Benjamin gazed up at Peter. Before he could speak though, a crash from the attic made them both look up. As brothers, both boys’ hands took grip of the banister and, after a second of intent listening, both used the banister to help them sprint up the stairs.
A small cloud of dust blew from the attic; something up there had been knocked over.
Benjamin yelled up the stairs:
“Phillip, what are you doing?”
There was no answer.
“Are you okay, Phillip…?” Peter took a step up the attic ladder, un-popping the doors with one hand.
He squinted up through the dark and dust, the debris that remained of a fallen bookcase, to see Phillip standing by the open window. It was obvious that he was the one who, in anger, Peter assumed, had toppled over the bookcase with his bare hands.
On the other hand, Peter could tell that something was not right.
His brother turned to him, but Phillip’s eyes were wide open and glassy.
“He’s sleepwalking,” Peter called down to Benjamin.
Phillip was indeed the only brother who had been burdened by this medical affliction. It did not strike him often, or hard, but Phillip had been known, in childhood, to sleepwalk when there were a lot of things on his mind…terrible things. It was the first sign of his distress.
Peter shrugged back down to Benjamin.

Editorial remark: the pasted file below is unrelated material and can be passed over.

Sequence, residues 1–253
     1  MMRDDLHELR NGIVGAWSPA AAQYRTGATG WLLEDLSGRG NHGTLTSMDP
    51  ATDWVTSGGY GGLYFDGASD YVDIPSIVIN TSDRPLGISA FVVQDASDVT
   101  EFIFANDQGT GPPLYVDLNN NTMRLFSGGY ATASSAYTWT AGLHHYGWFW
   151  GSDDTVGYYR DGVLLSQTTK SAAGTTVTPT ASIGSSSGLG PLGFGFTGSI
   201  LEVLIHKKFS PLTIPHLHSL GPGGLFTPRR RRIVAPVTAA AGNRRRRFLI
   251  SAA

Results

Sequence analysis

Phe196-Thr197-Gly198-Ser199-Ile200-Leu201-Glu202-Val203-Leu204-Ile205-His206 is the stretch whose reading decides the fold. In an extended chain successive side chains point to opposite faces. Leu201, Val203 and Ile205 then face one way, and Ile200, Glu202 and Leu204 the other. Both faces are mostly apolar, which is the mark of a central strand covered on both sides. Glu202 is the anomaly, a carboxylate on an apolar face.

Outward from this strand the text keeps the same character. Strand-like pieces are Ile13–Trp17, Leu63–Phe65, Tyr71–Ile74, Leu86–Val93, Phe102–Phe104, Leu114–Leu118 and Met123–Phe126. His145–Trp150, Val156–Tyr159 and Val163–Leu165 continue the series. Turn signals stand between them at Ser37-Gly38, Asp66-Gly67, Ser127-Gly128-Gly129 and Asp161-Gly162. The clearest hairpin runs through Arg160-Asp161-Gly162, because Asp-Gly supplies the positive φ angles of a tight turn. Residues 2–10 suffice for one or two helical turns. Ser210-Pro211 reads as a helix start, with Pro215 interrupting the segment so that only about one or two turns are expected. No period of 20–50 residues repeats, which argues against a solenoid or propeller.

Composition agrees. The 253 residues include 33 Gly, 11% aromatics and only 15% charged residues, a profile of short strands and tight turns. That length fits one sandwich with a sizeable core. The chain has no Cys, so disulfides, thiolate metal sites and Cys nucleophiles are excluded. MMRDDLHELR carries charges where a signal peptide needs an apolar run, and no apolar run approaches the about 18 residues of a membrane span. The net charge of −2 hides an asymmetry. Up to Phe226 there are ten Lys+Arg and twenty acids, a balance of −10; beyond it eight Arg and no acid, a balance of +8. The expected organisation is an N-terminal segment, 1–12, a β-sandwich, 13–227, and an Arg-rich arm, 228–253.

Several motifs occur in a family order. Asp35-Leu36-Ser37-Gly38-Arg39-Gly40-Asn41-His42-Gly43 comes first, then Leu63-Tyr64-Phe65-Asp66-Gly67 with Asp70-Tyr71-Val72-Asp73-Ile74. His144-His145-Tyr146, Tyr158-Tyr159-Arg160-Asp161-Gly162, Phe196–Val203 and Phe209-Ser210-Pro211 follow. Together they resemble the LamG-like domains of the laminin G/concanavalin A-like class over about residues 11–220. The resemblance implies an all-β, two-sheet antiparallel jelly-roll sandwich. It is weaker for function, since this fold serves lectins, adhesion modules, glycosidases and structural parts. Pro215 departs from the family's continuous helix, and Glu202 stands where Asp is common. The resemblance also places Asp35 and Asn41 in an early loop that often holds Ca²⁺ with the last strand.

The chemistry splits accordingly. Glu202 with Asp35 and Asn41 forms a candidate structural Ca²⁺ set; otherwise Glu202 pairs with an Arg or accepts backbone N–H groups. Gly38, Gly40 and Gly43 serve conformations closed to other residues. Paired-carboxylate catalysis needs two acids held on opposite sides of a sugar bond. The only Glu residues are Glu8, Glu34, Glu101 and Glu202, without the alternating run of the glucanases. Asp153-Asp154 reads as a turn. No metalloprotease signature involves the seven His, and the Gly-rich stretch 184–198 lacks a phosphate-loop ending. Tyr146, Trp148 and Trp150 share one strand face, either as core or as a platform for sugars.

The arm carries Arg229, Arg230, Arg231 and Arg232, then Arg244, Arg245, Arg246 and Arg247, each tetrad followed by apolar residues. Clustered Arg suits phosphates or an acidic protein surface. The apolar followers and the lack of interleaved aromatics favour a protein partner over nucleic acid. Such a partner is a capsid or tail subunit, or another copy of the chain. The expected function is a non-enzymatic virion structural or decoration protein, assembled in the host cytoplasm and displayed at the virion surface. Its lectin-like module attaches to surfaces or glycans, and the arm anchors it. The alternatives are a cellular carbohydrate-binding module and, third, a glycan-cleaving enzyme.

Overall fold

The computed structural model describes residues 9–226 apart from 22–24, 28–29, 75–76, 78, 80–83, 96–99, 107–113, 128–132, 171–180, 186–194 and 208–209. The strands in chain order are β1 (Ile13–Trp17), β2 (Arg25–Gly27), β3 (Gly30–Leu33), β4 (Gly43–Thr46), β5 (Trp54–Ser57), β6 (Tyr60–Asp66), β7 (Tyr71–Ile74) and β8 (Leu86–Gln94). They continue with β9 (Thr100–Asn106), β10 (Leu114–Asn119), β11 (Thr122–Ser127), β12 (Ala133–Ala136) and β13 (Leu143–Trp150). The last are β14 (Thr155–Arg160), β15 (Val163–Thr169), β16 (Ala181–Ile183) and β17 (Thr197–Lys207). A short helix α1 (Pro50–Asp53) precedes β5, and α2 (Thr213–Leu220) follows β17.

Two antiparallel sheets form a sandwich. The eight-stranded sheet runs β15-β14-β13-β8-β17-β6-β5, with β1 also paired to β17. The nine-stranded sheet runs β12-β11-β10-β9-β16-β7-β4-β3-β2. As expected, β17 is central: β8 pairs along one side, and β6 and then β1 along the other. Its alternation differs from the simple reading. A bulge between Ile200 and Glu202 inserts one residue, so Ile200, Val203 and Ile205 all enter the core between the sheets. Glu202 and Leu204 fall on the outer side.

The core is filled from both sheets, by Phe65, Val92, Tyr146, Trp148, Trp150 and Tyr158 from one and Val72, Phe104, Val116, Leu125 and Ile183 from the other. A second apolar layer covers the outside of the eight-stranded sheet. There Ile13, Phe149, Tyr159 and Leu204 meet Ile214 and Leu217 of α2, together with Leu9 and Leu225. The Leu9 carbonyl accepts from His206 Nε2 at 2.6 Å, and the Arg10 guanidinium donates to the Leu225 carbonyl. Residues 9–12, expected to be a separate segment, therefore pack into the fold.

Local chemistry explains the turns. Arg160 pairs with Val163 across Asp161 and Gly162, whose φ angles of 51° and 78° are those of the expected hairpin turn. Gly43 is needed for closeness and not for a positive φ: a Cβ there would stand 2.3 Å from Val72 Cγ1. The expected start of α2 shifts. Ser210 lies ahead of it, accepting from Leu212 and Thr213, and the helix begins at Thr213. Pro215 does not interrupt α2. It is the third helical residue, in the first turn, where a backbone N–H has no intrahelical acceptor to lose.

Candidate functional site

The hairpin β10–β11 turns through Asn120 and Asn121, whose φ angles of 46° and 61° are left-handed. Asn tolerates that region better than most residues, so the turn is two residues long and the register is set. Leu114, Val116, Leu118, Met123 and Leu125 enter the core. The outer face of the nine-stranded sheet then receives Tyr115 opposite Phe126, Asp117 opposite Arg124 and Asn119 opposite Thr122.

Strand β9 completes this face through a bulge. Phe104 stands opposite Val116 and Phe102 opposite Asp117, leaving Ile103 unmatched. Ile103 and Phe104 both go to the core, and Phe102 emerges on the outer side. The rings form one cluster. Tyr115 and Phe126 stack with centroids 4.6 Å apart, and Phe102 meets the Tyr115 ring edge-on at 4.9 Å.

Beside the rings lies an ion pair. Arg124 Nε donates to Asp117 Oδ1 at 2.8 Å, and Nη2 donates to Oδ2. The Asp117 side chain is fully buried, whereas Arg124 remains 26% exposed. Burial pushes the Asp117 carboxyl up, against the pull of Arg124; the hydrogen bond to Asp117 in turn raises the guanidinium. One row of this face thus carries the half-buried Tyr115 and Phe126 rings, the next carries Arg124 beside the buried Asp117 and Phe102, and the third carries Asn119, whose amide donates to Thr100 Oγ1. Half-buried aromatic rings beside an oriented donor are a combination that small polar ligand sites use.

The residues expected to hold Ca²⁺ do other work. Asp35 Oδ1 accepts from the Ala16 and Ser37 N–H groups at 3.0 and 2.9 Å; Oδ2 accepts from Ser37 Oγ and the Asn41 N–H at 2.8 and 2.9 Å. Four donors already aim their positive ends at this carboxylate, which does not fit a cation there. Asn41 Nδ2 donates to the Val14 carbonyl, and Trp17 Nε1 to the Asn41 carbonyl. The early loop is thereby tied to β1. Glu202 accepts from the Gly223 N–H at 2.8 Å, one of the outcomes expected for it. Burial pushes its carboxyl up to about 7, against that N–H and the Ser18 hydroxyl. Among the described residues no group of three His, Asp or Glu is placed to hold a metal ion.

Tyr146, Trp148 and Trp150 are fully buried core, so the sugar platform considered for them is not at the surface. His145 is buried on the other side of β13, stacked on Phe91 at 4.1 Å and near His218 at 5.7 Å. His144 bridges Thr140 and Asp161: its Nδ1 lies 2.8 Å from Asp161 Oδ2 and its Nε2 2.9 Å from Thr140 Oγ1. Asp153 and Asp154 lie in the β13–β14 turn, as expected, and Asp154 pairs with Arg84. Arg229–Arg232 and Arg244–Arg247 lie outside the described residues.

“You go, brother. I can deal with Phillip. I can take it from here.”
“Yes, you seem to be the only one. Be careful, Peter.”
“I will be.”
“I shall be in the lounge, or with mother. I do not expect to be disturbed though, if you please.”
Peter nodded and hoisted himself up into the attic, where Phillip blindly stumbled. His eyes were sorrowful and longing, yet distanced from life’s entirety.
Peter knew, from a lifetime’s practise, that it was bad to wake a sleepwalker and that the sleepwalker must get to the end of their episode, so he stood watching Phillip for a second and thinking. Phillip blindly turned on the spot and started to make his way towards his brother.
Peter stumbled backwards, trying to avoid Phillip’s swinging arms, and made his way back down the stairs. Through every step, though, he kept an eye on his older brother. Still unsure how exactly to alert the deep slumberer, Peter suddenly found himself slipping down the rungs of the trapdoor ladder. He lost his footing and crumpled to the floor, momentarily taking his eyes away from Phillip.
In that short space of time, the sleep-worn Phillip had made his way to the trapdoor as well, but he too fell down, and just as Peter himself was getting up, the man fell flat onto his face with a bang.
Peter trembled as the upstairs lights flickered; Phillip’s bad leg had caught a cable, and pulled it down with him.
The bloody body at the foot of the small steps groaned and lifted himself up, clutching at his right arm and trying to clutch at his nose too, which was pumping crimson blood down his face.
Peter’s own blood chilled with fright.